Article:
Peisistratus and the Tyranny

   The Athenians considered Solon the great hero of their state and pointed to the reforms of Solon as the basis of their state. Solon's new state, however, lasted very briefly. Although he brilliantly reformed the government, he really didn't solve the economic crisis, and within a few years, Athens was collapsing in anarchy. A nobleman, Peisistratus, swept into power during this anarchy and set about restoring order. The tyranny of Peisistratus, however, was as important to the foundation of Athenian democracy as Solon's reforms had been. Although he was a military leader who backed up his power with a frightening mercenary army, Peisistratus began to actively build in and around Athens, and actively reform Athenian religion and religious practices, and, in particular, devoted his government to cultural reform. He sought out poets and artists in order to make Athens a culturally sophisticated and dynamic society. But, in particular, he launched a full attack on the power of the nobility. He increased the power of the Assembly and the courts associated with the poorest classes, and used all his power to make sure that the Solonian government worked smoothly and that elections were held (provided his supporters were elected).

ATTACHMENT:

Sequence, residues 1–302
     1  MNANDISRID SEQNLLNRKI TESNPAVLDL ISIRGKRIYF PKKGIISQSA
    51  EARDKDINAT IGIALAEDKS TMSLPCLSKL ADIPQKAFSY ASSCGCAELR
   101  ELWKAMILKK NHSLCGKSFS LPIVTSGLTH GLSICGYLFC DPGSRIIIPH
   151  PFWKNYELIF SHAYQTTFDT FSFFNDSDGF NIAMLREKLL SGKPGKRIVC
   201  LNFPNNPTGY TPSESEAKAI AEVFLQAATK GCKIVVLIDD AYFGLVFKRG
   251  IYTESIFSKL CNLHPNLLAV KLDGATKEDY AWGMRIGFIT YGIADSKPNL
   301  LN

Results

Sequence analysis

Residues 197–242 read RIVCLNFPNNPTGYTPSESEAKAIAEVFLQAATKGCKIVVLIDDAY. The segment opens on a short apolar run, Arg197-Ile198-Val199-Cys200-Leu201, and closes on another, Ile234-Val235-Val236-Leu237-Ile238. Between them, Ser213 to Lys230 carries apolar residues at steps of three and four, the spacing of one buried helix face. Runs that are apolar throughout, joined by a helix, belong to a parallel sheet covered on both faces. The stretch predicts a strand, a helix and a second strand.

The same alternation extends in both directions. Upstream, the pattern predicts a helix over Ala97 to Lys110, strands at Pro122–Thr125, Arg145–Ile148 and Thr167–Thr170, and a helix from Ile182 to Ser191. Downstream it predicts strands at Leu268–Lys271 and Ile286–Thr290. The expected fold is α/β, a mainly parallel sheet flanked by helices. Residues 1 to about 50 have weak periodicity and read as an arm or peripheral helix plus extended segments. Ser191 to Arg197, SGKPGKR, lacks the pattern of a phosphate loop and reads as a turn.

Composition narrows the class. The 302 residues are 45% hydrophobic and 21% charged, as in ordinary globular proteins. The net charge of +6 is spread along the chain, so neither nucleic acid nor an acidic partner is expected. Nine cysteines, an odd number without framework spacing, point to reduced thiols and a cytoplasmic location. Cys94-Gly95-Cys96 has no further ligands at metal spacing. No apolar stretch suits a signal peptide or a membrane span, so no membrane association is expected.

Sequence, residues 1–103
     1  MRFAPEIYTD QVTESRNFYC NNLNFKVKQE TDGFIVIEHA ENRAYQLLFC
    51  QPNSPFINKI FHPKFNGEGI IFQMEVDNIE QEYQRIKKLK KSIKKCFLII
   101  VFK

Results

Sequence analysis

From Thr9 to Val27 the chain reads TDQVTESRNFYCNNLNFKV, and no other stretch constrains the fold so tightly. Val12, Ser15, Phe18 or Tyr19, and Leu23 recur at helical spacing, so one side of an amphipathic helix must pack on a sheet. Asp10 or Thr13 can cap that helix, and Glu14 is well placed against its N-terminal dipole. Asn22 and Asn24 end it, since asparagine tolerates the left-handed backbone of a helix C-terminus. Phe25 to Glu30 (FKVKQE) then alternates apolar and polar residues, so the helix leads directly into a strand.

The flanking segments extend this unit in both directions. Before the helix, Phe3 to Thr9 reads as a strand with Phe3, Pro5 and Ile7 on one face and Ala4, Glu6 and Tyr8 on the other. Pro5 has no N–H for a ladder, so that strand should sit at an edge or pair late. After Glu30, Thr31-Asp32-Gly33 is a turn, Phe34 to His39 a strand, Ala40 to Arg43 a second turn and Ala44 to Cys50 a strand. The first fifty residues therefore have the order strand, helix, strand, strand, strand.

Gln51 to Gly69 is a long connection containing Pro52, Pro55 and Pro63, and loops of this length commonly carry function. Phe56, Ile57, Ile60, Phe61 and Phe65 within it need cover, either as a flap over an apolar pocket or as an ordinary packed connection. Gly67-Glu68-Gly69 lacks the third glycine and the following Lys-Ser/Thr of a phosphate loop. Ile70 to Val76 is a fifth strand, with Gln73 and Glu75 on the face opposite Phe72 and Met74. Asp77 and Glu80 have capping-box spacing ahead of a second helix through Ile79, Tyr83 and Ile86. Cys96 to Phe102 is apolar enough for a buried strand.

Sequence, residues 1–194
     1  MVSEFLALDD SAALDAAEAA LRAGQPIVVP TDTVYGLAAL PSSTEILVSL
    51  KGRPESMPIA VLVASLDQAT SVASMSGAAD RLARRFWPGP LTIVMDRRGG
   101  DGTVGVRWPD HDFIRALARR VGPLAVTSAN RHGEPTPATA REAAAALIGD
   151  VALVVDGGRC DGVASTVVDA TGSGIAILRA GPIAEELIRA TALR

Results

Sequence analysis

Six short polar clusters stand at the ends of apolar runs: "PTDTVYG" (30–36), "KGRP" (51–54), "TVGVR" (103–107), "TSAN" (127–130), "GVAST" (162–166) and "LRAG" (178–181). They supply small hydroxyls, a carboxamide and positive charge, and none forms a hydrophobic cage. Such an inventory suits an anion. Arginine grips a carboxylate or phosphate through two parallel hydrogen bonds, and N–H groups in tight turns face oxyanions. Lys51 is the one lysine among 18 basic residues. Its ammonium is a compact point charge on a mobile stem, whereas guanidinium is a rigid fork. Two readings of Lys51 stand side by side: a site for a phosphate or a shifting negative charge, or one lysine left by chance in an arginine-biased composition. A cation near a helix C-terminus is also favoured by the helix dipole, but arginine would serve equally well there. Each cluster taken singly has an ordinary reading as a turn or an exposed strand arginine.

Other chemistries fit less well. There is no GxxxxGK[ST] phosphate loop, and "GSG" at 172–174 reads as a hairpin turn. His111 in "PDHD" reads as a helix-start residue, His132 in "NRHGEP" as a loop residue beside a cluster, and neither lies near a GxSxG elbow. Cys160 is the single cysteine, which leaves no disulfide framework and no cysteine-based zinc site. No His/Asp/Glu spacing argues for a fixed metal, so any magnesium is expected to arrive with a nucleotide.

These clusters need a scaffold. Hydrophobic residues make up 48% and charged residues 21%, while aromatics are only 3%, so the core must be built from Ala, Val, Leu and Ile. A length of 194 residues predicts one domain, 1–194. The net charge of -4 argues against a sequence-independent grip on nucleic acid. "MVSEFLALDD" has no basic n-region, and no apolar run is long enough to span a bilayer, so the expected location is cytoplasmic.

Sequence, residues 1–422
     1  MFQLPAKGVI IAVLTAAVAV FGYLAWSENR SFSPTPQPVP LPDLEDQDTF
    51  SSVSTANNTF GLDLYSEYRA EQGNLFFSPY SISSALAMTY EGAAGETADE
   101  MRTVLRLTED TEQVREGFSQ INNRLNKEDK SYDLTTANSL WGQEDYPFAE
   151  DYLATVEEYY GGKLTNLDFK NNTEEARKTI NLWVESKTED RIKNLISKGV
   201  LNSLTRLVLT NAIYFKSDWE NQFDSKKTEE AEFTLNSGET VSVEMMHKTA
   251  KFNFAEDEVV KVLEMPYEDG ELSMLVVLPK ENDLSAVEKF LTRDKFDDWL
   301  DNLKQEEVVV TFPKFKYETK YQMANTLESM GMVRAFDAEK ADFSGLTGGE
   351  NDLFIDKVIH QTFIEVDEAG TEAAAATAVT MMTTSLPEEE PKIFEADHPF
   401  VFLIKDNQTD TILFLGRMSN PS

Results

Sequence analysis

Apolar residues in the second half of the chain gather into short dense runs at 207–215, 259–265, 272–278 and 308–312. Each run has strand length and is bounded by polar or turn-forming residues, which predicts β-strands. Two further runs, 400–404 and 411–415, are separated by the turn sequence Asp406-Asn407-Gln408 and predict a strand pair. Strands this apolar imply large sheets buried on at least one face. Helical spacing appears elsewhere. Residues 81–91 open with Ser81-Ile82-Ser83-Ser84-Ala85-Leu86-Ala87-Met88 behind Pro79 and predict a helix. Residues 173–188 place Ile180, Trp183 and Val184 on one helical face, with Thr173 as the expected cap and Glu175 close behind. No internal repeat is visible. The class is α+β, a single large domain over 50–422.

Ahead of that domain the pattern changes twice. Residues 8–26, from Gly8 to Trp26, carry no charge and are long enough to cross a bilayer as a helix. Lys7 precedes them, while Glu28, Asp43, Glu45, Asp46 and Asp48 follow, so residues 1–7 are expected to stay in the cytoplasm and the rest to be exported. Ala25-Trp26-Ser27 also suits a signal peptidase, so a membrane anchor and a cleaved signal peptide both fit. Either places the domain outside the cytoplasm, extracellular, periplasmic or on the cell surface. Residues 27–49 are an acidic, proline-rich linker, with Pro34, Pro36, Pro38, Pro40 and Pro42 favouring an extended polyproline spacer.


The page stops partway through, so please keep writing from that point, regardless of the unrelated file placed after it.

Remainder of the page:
National Library ewas designed by Danish

architect Theophil Hansen in 1887 with Pentelic



   The  Tomb of the Unknow Soldier in Plateia

Syntagmatos. There is also the Greek parliament in

Voulin building.